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Quantum Computing UPSC NOTE

 Quantum computing and how it is different from classical computing

  • Quantum computing harnesses the principles of quantum mechanics to perform calculations in a fundamentally different way compared to classical computers

Basics of Quantum Computing:

  • QubitsUnlike classical bits that can be either 0 or 1, quantum computers use qubits

  • These can exist in a state of superposition, meaning they can be both 0 and 1 simultaneously. This allows for parallel processing on a massive scale.

  • EntanglementQubits can be entangled, meaning

they are linked in a way that changes to one instantly affect the other, regardless of their distance. 

  • This enables powerful correlations and computations not possible with classical bits.

  • Quantum algorithms: These are specially designed instructions that leverage the capabilities of qubits and entanglement to solve problems more efficiently than classical algorithms for certain tasks.

Differences from Classical Computing:

  • Processing power: While classical computers rely on sequential processing, quantum computers can explore several possibilities simultaneously due to superposition and entanglement

  • This makes them potentially much faster for specific problems with numerous variables or combinations.

  • Problem typesClassical computers excel at tasks with well-defined rules and calculations, while quantum computers shine in problems involving probabilities, complex simulations, and optimizations

Basic concepts of  qubits, gates, and superposition 

Gate in computing

  • A bit is the smallest piece of information storage (it is a portmanteau of binary digit). Often, a large number of bits is required to convey meaningful information. 

  • With the advent of modern semiconductor technology, we routinely speak of household computers having a few terabytes (8 trillion bits) of information storage. 

  • One terabyte can store 500 hours of high-definition video content.

  • In a computer, a bit is a physical system with two easily discernible configurations, or states – e.g. high and low voltage. 

  • These physical bits are useful to represent and process expressions that involve 0s and 1s: for instance, low voltage can represent 0 and high voltage can represent 1.

  • A gate is a circuit that changes the states of bits in a predictable way

  • The speed at which these gates work determines how fast a computer functions.

The quantum gate

  • Modern computers use semiconductor transistors to build circuits that function as bits

  • A semiconductor chip hosts more than 100 million transistors on 1 sq. mm

  • Imagine how small an individual transistor is and how close it is to adjacent transistors

  • As transistors become smaller, they become more susceptible to quantum effects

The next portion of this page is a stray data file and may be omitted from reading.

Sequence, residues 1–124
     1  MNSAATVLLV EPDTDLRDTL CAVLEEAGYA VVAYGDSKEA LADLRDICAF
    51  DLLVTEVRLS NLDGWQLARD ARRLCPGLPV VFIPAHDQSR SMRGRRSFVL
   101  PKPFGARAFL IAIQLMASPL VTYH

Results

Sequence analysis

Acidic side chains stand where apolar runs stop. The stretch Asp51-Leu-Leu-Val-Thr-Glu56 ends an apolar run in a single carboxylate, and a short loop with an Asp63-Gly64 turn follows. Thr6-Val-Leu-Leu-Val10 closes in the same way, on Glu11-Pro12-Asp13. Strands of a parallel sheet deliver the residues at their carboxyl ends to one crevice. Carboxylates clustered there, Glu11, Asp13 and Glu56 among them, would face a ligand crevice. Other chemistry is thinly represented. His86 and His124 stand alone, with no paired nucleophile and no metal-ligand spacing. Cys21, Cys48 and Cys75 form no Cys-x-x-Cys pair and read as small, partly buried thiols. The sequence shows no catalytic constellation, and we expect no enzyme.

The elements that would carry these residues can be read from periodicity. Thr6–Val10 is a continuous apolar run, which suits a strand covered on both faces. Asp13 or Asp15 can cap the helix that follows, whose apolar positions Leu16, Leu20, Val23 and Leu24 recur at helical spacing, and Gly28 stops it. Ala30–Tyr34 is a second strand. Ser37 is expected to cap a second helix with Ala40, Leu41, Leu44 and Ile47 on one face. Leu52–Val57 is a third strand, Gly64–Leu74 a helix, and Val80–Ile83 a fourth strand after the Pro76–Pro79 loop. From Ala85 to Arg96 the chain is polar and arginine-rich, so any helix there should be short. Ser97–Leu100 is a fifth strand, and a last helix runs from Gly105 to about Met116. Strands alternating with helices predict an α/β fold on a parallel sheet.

• This is not desirable as the existing technology will then become unreliable for computational tasks. 

  • Moore’s law, announced in 1965, states that computing power increases tenfold every five years

  • This law no longer holds as we have already slowed to a two-fold increase every five years.

  • But this doesn’t have to mean we are nearing the end of computing development: the quantum revolution is coming.

  • The most basic unit of a quantum computer is a quantum bit, or qubit

  • Like in a conventional computer, it is a physical object that has two states

  • For example, the spin of a particle can point along two different directions, so the particle can function as a qubit. 

  • Or it can be a superconducting circuit that mimics an atom, and its two states can be a ground state, where it has lower energy, and a higher ‘excited’ state.

  • Aquantum gateis a physical process or circuit that changes the state of a qubit or a collection of qubits.

  • In the quantum-computing context, if particles or superconducting qubits are the physical qubits, the gate is often an electromagnetic pulse.

Interlude: Superposition

  • A fundamental limitation of conventional computing architecture is that each bit can exist in only one of the two states, 0 or 1. 

  • But according to quantum physics, a qubit can also be in a superposition of its two states at the same time.

  • The basis states of the qubit are similar to the north and east directions. 

  • A qubit in a superposition has some contributions from each basis state

  • Different superpositions correspond to different amounts of contributions.

  • If a qubit is in a superposition, then measuring the qubit will cause it to collapse to one of the two states (i.e. either north or east). 

  • However, we can only predict the probability that it will collapse to one state

  • Superposition is one of the main factors responsible for speeding up a quantum computer.

  • But while superposition provides enormous advantages, it is a fragile effect

  • It deteriorates when qubits interact with their environment. 

  • Identifying ways to sidestep or overcome this fragility is an active area of research today.



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